- Put on clean clothes after bathing.
- This is not an "all inclusive" list. See manufacturer's website for further details.
CHG Compatible Products
- Critic-Aid Clear
- Remedy with Phytoplex Nourishing Skin Cream
- Aloe Vesta Daily Moisturizer
- Vaseline Petroleum
NON CHG Compatible Products
- Critic-Aid AF
- Johnson’s and Johnson’s Products
- St. Ives
Your child’s teeth should be brushed twice a day or after every meal if your child eats by mouth. Teeth should be brushed with a soft toothbrush and toothpaste for two minutes. Flossing should be done daily. Mouth should be rinsed with water after brushing and flossing if your child is able to follow directions to spit. If your child has difficulty with spitting and/or swallowing, teeth can be brushed with a very small amount of water and a small amount of fluoride-free toddler toothpaste. Baby’s mouths/gums can be cleaned with a gauze moistened with water.
It is important to be careful with your child’s central line and to always make sure that the line is not pulled during activity. Gus Gear central line wrap should be used at all times to help secure central line dressing and tubing. Be mindful when you are picking a child up out of a crib, swing, high chair etc. that you know where their tubing is and that the line will not be pulled during lifting. We want your child to be as active as they would like! If you have any questions about how to support this at home, please contact our office and we can work with you to help with any concerns you have.
Because your child’s central line places him/her at an increased risk for infection, it is important to keep his/her home safe.
- Your child’s sheets and any other bedding should be washed with hot water every week or more frequently if they become dirty. Limit stuffed toys unless these can be washed.
- Clothing should be kept clean and dry and changed daily or as needed if they become dirty.
- Clutter should be cleared from floors to prevent catching and pulling on central line, or tripping and falling.
- Your child’s toys should be cleaned regularly, especially those that are placed in your child’s mouth.
- Pets should be monitored carefully to avoid tangling or pulling on central line tubing.
- Environment during central line care:
- Central line care should not take place in a bathroom.
- Fans/air conditioner should be turned off and windows and doors should be closed.
- To the best of your ability, limit distractions and use the assistance of another adult.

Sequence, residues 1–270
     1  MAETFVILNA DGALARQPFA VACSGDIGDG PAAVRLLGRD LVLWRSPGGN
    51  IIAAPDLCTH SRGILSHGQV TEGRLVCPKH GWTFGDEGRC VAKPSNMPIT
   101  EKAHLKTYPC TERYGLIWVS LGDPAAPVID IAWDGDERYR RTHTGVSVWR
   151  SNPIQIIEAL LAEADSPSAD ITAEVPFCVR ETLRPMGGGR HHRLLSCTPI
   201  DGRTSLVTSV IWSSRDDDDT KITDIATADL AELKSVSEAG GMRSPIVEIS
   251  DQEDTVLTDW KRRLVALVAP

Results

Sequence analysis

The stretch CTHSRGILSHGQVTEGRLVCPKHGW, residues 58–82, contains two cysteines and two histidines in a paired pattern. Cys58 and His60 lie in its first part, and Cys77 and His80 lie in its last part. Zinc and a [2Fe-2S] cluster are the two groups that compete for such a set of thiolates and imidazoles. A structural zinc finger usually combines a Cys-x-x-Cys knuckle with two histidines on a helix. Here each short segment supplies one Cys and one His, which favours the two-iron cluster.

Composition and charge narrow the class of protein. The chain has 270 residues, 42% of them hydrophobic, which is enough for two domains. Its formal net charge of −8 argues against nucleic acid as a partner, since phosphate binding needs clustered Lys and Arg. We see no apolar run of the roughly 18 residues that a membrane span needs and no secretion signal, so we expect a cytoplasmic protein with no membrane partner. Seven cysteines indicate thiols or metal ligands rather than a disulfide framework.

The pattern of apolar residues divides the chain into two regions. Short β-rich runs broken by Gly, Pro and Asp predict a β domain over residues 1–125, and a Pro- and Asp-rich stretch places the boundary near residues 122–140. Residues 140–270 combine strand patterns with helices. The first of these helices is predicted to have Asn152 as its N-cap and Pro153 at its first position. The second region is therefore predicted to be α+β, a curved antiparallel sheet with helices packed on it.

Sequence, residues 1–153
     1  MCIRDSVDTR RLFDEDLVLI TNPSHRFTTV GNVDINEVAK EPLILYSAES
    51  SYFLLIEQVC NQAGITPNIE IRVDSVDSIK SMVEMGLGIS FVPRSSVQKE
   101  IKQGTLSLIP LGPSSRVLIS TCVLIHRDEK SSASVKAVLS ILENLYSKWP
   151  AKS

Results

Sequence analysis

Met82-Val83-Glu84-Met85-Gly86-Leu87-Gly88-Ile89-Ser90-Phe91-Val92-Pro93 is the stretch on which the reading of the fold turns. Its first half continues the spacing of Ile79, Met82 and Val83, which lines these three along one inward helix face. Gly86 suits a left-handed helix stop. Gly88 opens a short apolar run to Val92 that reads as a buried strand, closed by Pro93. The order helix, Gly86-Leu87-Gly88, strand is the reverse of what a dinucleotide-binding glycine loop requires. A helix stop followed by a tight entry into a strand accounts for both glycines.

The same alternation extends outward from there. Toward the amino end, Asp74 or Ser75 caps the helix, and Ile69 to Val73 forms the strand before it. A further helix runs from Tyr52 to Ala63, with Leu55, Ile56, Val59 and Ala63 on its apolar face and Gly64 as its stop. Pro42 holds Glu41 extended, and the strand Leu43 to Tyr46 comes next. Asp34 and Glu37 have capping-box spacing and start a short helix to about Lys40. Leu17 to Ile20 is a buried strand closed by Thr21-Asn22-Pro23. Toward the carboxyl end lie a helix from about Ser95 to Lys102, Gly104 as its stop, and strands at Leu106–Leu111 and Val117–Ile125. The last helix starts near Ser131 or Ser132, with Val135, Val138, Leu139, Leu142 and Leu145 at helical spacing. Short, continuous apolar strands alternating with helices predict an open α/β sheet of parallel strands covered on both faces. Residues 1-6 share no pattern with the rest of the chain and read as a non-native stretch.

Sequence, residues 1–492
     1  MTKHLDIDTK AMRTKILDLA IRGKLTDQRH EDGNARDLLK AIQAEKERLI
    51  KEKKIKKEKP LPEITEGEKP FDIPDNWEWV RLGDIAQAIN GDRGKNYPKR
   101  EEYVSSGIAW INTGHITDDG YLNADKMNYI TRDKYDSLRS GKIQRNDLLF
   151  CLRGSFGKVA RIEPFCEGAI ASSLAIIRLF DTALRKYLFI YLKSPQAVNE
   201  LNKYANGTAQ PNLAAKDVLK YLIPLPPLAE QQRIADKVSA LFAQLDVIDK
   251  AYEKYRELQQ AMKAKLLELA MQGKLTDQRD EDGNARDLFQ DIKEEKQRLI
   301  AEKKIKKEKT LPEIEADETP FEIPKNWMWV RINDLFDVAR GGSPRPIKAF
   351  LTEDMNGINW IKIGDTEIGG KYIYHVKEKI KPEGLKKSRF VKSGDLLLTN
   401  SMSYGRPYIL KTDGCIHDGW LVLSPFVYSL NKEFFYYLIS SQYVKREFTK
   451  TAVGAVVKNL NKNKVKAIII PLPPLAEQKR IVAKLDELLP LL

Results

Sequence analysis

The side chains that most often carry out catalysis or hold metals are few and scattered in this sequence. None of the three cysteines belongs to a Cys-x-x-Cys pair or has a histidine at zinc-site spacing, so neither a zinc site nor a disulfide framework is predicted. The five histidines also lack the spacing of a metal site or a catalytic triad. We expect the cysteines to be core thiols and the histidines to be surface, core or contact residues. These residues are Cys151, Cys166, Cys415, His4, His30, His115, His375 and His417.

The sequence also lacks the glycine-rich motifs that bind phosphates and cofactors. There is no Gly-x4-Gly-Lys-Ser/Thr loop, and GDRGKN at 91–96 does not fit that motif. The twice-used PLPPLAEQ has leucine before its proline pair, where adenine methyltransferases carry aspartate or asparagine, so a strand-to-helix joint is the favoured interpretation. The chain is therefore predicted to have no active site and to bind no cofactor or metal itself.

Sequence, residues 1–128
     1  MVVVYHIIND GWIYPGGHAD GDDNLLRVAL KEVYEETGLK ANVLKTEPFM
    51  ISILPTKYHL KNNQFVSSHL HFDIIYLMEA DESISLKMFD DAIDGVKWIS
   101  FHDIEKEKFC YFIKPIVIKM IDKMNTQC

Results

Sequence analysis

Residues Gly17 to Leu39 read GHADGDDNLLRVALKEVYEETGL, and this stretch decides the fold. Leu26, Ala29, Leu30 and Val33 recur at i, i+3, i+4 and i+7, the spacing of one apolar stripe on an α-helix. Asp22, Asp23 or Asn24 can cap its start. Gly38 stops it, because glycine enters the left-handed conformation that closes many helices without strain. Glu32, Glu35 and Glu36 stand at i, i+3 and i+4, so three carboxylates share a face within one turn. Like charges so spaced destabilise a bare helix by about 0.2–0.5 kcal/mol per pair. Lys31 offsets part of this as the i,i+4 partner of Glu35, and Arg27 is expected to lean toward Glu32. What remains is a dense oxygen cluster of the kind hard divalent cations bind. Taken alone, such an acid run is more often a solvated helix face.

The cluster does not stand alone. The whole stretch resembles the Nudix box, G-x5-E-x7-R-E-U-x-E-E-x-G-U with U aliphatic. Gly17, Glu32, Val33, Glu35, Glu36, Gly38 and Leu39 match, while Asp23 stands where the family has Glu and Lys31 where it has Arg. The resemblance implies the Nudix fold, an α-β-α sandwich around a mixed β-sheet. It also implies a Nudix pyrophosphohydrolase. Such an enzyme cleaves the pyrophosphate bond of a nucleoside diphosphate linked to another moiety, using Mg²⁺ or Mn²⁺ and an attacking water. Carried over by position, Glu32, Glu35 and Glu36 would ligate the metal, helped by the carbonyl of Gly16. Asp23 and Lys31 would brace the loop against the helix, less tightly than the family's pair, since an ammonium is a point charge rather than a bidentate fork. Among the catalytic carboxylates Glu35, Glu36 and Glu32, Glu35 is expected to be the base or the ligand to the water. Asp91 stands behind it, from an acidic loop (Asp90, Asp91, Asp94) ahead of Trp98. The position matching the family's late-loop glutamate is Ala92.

- Use your designated supplies and surface for all central line care.
- Pets (and ideally anyone not needed during the central line care) should not be in the room during line care.
What To Do If…
Troubleshooting Central Line Issues
My Child’s Central Line Won’t Flush
**DO NOT flush if you meet resistance. This can cause the line to break or a blood clot to move into your child’s body**
- Check to see if clamp is closed or tubing is twisted or kinked.
- If there are no kinks and clamp is not closed, change the needleless access device (cap/clave) and try again.
- Call your child’s doctor if you are still not able to flush the line EASILY.
My Child’s Central Line Pulls Out (partially or completely)
- Apply pressure with a sterile gauze/clean material to the site to stop bleeding.
- Have your child sit upright.
- Call your doctor/ go to the emergency room immediately.
- Place any part of your child’s central line that has come out in a container and bring it to the hospital with you.
Fluid is Leaking from my Child’s Central Line
Leaking from the line itself
- Clamp the catheter (line) between your child and the site of the leak.
- Cover the break with a sterile gauze and tape.
- Call the doctor/ go to the emergency room immediately.
Leaking from my child’s skin around where the central line goes into his/her body
- Stop using the central line.
- Change your child’s central line dressing if it is wet underneath.
- Call the doctor/go to the emergency room.
When to Call the Doctor: (Go to nearest ED after hours)
- Any fever over 100.5 F
- Pus-like drainage from central line site
- Redness, swelling, warmth, discomfort around the site
- Any concern that the line has been pulled/removed
- Any concern that the line has been broken
- If you are not able to flush the line easily